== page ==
In Cook County, your Class 2 residential property is assessed at 10 percent of its estimated property value. The estimated property value is determined by analyzing sales information of similar homes in your area. For example, an estimated property value of $100,000 would calculate to an assessed valuation of $10,000. Class 2 properties include detached single-family houses, townhomes, condominiums, cooperatives, and multi-family residential buildings with no more than six dwelling units. (Separate instructions are available for condominiums and cooperatives.)
Keep in mind, the Assessor does not calculate taxes. Local governments, such as municipalities and school districts, determine the overall amount of real estate taxes collected in your community. It is important that your assessed valuation be accurate and fair, as it does play a role in determining your share of those taxes.
It is the policy of the Cook County Assessor to assess all real property in a fair and uniform manner consistent with the legal responsibility placed on the Office of the Assessor. It is also our policy to provide everyone equal access to the remedies afforded by the appeal process. In accordance with these policies, the Office of the Assessor shall provide experienced personnel to assist property owners who want to appeal their assessed valuations.
You will receive a reassessment notice in the mail when the Assessor's Office reassesses your home every three years. Assessor Berrios redesigned the notice to include a wealth of information regarding your property. In addition to the standard assessment information, the notice now includes features such as: as estimated market value for your property, mortgage and release information, a total annual property tax amount and sample comparables of other properties in your neighborhood. A reassessment notice contains a proposed assessment which will be reflected on your subsequent year’s second-installment tax bill.
Once you have received your notice, you have approximately 30 calendar days to file an appeal with our office. The last date to file an appeal is printed on the top of your notice. You may also appeal your assessed valuation in any year between reassessments when your property’s township is open for appeals.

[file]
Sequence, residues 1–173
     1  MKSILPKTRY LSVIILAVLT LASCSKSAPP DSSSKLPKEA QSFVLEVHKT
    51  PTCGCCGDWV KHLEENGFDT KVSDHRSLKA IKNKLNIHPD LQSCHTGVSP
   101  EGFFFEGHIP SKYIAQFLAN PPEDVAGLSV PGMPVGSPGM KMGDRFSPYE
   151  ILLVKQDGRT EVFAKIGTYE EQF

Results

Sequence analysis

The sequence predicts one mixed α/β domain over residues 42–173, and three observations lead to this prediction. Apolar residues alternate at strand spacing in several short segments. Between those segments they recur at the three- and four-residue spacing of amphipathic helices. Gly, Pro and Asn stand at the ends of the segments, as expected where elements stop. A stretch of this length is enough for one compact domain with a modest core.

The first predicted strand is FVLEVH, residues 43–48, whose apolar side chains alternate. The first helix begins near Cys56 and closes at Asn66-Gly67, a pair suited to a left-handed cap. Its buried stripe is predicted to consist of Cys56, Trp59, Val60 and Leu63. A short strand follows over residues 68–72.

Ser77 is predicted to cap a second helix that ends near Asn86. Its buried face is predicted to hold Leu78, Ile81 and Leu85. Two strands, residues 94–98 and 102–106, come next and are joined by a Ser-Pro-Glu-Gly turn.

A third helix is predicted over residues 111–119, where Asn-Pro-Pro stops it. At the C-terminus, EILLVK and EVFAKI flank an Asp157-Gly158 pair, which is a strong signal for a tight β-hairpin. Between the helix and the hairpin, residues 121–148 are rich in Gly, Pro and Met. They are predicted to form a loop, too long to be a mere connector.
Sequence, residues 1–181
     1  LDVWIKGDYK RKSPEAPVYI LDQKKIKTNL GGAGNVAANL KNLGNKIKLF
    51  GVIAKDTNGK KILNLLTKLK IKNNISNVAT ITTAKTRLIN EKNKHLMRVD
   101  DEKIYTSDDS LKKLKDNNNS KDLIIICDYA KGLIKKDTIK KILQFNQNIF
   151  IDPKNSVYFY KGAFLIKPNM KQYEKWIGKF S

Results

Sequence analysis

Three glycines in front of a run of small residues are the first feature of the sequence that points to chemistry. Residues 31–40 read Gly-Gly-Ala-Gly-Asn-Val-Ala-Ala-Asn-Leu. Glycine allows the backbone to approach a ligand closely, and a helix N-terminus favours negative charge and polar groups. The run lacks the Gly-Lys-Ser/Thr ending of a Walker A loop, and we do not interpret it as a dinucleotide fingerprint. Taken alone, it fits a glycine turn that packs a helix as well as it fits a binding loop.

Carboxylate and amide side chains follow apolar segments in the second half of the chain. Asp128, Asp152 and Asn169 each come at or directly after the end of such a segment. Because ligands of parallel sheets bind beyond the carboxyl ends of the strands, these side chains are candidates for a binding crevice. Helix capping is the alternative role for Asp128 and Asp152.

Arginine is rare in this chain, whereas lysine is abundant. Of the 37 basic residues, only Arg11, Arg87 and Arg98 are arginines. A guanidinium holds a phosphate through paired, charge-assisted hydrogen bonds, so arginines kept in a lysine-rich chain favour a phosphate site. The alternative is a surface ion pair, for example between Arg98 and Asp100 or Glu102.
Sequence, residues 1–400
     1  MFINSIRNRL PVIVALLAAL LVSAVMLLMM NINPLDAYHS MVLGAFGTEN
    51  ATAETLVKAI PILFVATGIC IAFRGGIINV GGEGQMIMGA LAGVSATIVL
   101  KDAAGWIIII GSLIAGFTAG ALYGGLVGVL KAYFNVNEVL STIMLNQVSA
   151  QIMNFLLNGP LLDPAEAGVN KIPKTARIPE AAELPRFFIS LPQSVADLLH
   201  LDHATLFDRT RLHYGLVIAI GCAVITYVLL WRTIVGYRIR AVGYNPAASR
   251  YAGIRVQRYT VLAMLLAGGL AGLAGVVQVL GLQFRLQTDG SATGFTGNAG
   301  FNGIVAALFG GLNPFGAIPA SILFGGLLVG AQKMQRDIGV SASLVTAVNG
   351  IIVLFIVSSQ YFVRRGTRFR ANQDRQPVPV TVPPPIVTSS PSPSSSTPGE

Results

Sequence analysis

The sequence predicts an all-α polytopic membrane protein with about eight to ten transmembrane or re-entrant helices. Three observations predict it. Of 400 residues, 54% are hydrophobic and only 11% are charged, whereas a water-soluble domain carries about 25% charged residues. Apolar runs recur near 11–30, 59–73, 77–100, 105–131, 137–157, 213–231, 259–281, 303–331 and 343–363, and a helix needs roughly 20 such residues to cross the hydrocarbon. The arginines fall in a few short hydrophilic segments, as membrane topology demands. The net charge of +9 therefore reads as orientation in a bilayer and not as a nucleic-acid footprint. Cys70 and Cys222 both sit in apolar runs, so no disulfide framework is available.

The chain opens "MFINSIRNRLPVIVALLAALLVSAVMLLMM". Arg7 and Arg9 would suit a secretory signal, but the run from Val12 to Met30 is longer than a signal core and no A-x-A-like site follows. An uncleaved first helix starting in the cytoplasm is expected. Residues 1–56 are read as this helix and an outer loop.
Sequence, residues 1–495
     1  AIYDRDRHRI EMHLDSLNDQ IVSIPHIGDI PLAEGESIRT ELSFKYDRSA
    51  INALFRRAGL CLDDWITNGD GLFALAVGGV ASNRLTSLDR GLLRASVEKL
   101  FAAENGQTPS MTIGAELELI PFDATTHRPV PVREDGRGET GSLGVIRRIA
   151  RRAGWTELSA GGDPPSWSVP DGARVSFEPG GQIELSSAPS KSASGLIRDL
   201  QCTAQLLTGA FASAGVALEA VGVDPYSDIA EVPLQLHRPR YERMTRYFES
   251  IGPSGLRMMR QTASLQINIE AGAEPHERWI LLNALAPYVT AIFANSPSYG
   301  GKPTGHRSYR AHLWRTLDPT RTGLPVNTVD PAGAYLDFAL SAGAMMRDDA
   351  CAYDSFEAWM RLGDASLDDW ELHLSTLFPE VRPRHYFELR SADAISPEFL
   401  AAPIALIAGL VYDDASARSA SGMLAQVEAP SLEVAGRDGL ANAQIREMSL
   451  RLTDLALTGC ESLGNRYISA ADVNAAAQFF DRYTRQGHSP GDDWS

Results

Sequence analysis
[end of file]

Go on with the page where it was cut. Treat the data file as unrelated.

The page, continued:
To file an appeal online, find your property via our Property Search. If you cannot file an appeal online, prefer to visit one of our offices, or want to mail your appeal, you must use an official "Real Estate Assessed Valuation Appeal" form. Please submit one copy and keep another copy for your files. You do not need a lawyer, tax representative or appraiser to file an appeal on the assessed valuation of your home. However, if your valuation appeal is filed by your authorized representative, an "Owner/Lessee Verification Form" must be completed, notarized and filed along with the appeal form.
Three common grounds for appeals are listed below:
If you are concerned that the assessed valuation of your home is not uniform with the assessed valuations of other homes, compare your property to similar homes. This comparison will help you determine if you have reason to file a uniformity appeal.
There are two ways to do this:
- Simply fill out the appeal form, indicating that the purpose of the appeal is "lack of uniformity". You do not need to research and find your own comparable properties in order to file an appeal with our office. Our analysts will check properties comparable to yours to determine if your assessed value is in line with the assessed values of those properties.
If you wish to include a list of comparable properties with your appeal, please follow the gudielines below:
- For your convenience, all residential assessments will be published in a local community newspaper a few days after you receive your reassessment notice. The name of the newspaper and date of publication are indicated on your notice. The assessment listing will also be available at your local library.
- When choosing comparable properties, select homes within your neighborhood code that closely resemble your own home in both size and style. If the Permanent Index Numbers (PINs) are not known, the Assessor's staff will assist you in obtaining this information. You may also use the residential data books located in all of our offices to check if the comparable assessed values are in line with your assessment. If the assessed value of the comparable properties that you have chosen are lower than your property's assessed value, you may have reason to file an appeal.
- You may also find the assessed values of comparable properties by visiting the assessor's Web site property search. Pictures of nearly every Cook County property may also be found there.
- Write the PINs that you have found to be comparable on the appeal form that you file. Our analysts will use your information, along with our office data, to determine if the assessed value of your home is in line with the assessed values of comparable properties.